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Making your first breakthrough in the public sector can be just as much about your strategy and mindset as it is about the content and quality of your bids. You can maximise your chances of success by applying a few basic principles.


Some aspiring suppliers are tempted into pursuing large contracts that they have little chance of winning even if they satisfy selection criteria. The prospect of securing lucrative work that seems suited to you is not easy to ignore, but you must avoid frittering away time and effort.

The best targets are lower value / below-threshold contracts, which will often be more accessible to SMEs with limited experience. Access the recording of our free Finding and Winning Low Value Tenders webinar for a detailed discussion.

Despite this, you can become involved with larger contracts on a limited basis or indirectly. Some are split into lots for individual products or services – which can be more achievable for smaller or more specialised suppliers – and bidding as part of a consortium can allow you to punch above your weight.

At the very least, becoming part of an existing contractor’s supply chain is a sensible first step – the experience and references gained will strengthen your hand when you do decide to bid.


It is advisable to fully scope and analyse both the immediate and long term deliverables and logistical requirements of any contract that you intend to pursue.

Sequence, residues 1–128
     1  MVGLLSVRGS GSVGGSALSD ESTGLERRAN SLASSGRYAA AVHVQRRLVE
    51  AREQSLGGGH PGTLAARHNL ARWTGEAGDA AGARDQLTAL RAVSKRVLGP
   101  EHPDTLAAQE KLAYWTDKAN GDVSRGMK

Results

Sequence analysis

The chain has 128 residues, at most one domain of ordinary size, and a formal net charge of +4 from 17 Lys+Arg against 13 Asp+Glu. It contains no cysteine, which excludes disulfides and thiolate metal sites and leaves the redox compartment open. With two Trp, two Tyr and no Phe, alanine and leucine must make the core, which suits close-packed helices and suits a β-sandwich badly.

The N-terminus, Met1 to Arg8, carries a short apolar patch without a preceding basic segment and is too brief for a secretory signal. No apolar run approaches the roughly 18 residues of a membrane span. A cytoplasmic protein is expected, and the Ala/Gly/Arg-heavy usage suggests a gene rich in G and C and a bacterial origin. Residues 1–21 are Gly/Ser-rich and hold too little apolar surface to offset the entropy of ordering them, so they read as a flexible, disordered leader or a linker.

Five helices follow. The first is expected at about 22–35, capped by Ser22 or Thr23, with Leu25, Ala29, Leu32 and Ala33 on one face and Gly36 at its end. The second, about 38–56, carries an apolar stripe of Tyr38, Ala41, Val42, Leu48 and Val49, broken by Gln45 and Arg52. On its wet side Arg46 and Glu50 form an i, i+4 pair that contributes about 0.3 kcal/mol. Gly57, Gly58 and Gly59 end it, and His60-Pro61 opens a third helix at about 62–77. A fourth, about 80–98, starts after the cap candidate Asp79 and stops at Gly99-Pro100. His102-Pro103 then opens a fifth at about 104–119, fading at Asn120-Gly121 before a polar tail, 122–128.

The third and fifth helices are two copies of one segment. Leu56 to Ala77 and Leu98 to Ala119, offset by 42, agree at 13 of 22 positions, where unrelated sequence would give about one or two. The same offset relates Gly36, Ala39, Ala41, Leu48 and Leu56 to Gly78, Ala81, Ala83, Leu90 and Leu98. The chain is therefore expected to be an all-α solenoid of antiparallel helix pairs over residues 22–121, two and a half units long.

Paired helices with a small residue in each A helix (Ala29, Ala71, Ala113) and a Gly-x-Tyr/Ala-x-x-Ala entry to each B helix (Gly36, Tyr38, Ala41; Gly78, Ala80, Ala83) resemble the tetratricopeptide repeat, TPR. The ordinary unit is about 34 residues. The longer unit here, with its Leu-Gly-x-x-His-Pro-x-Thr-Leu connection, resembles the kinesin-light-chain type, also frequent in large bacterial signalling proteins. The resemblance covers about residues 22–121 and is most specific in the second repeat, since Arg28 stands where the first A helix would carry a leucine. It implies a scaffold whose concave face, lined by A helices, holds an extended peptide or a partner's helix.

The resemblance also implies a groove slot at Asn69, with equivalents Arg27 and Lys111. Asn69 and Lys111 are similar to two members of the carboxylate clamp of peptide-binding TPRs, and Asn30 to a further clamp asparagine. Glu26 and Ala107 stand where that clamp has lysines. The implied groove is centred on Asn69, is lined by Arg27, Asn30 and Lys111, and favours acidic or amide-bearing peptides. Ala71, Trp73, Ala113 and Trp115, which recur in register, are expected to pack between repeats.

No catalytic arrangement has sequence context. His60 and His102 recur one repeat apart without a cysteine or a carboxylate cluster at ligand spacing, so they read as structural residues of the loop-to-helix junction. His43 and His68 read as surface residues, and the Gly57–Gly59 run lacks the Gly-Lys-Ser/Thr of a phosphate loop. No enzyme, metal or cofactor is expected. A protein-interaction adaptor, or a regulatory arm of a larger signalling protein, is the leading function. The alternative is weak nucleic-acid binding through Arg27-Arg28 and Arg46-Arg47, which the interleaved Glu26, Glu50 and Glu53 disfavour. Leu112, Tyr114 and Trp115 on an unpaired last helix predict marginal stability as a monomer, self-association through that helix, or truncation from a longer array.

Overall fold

Sometimes suppliers formulate bids only to realise late in the process that they will struggle to satisfy certain requirements or to balance the workload with existing commitments.

Don’t bid blindly only to discover that you’ve bitten off more than you can chew; a single contract can eat up a great deal of your capacity and undermine your ability to develop business in other areas.

Make sure that your decision to bid is dictated not so much by your perceived chances of success, but by a realistic assessment of your long term interests and capabilities.


Many suppliers abandon their attempts to secure public sector work after either failing to find a suitable target or having their bids repeatedly knocked back.

It is easy to become disillusioned; tendering competitions are demanding in terms of time and workload, and refocusing on the generally less labour intensive route of B2B sales may seem like a logical course of action.

Rather than giving up when you may be on the cusp of success, be mindful that it can take a long time to make a breakthrough. Your motivation may falter with no tangible benefits to all your efforts, but it’s the long game that matters.

If you can’t find a contract right for you, keep looking; if your bids keep being rejected, pay attention to buyer feedback and use the insight to strengthen your pitch. At some point down the line you’ll be celebrating a major win and you’ll be glad you didn’t cut and run.

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